Health care provider at computer on video call with patient
Health21 December, 2021

To transform healthcare, look to hybrid Health IT

The old “build it and they will come” in Health Information Technology (HIT) is now debunked. Successful tech and HIT companies and startups partner with patients, clinicians, and providers to improve monitoring, preventive screenings and everyday care.

According to The Digital Front Door 2021 report by KLAS Research, most health systems in the U.S. turned to their EMR vendor for video and other telemedicine capabilities, while others partnered with organizations like Amwell or Doximity. But there’s more to digital health. Today’s hybrid healthcare calls for approaches that empower people and clinicians, outside and in complement to the clinical setting.

Here are two approaches that are essential to get right:

1. Automated remote monitoring of patients coupled with telemedicine

“How are you feeling compared to 12 hours ago?” and “Is it harder than usual for you to breathe?” are the two questions texted twice a day to patients with Covid-19 for remote check-in. Text responses reporting worsening symptoms are automatically flagged and addressed by telemedicine clinicians of Penn Medicine OnDemand, 24/7, who then pre-screen for the emergency department. An initial observational study (Delgado et al. Annals of Internal Medicine, 2021) showed that at-risk patients in the program presented earlier to the ED, which led to lower mortality rates for these patients compared to those not enrolled in the program.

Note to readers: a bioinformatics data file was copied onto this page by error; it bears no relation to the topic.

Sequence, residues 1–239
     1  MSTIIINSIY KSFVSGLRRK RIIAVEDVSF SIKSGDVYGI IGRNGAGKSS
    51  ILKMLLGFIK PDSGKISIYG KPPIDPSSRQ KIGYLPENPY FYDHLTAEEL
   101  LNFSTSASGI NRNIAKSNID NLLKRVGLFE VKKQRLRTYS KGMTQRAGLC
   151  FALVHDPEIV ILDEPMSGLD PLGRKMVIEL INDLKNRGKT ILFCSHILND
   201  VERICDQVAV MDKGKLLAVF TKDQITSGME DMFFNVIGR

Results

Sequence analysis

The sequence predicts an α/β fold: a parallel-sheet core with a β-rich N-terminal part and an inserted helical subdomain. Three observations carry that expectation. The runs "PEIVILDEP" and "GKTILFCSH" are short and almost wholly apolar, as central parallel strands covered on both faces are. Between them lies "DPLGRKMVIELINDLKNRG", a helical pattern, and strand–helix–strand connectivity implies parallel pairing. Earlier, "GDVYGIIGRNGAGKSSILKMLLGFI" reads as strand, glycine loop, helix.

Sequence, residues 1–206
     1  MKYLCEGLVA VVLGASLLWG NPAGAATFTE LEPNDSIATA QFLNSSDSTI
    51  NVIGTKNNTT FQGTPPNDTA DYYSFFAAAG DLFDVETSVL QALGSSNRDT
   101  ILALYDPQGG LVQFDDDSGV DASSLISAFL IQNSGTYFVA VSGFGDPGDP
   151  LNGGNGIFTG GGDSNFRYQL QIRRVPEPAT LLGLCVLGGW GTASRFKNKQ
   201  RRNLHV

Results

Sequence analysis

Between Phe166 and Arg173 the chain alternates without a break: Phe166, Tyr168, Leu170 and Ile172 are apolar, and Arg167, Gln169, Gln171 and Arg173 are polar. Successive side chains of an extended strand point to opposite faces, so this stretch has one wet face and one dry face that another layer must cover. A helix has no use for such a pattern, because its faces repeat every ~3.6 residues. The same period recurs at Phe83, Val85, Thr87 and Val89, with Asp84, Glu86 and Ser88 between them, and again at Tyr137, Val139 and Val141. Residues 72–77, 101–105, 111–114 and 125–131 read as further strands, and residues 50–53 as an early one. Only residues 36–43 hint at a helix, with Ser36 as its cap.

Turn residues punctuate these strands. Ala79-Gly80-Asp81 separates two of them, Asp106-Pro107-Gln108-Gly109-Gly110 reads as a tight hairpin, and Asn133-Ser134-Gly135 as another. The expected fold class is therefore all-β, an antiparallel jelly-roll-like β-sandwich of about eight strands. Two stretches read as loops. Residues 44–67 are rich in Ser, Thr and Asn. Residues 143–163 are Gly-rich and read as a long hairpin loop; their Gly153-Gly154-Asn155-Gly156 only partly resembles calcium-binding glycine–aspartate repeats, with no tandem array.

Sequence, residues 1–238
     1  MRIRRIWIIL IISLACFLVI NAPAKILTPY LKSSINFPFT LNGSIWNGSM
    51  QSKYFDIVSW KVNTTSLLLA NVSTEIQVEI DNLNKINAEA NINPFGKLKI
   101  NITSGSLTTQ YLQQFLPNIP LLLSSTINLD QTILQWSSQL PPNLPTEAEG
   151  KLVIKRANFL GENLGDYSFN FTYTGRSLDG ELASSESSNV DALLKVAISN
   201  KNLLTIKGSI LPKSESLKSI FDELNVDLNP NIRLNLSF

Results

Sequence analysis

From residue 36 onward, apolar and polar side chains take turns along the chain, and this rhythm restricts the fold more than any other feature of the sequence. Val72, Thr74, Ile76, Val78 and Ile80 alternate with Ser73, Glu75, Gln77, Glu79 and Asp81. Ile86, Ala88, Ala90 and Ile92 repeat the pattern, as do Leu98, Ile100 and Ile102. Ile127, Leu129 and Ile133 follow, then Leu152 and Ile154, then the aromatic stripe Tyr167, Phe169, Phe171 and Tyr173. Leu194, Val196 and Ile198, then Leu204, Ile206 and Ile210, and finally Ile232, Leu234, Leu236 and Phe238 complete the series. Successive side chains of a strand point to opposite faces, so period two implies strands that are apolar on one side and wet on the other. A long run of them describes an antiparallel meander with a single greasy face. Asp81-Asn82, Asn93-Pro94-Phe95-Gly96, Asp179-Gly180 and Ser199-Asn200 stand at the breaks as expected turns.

Remote monitoring of patients with non-acute illnesses that can be managed in the home is essential to optimize resource management.

Remote patient monitoring devices, like glucometers, blood pressure monitors, scales, oximeters, noninvasive ventilation equipment for sleep apnea, etc., are well known. The full potential of these devices becomes apparent when patient data is safely transmitted to the provider and analyze using dedicated AI technology. With this, care teams can monitor large populations and receive automatic notifications about specific patients who might be at risk. They can then check up on these patients over the phone or schedule telemedicine appointments with their provider for potential therapy adjustments or referrals.

2. AI-powered professional patient education and outreach applications

Essential healthcare screenings, like colonoscopy, have sharply fallen during the pandemic. More patients are presenting with late-stage cancer diagnoses, negatively impacting mortality rates and service delivery. The use of smartphone apps that combine professional educational videos with text/in-app reminders to augment bowel preparation instruction is proven to improve bowel cleansing and polyp detection (Walter et al. Clin Gastroenterol Hepatol. 2020) and may reduce the need for repeat procedures (Hayat et al. AJM Online, 2016). Digital patient education and reminders are a must-have for every healthcare organization.

The hybrid healthcare experience goes beyond integration in the workflow to address the needs of people and clinicians at home, in the community, and in the clinical setting.

Learn how Wolters Kluwer is enabling customers like Doximity to provide high quality telehealth experiences using trusted content based on the best available evidence.

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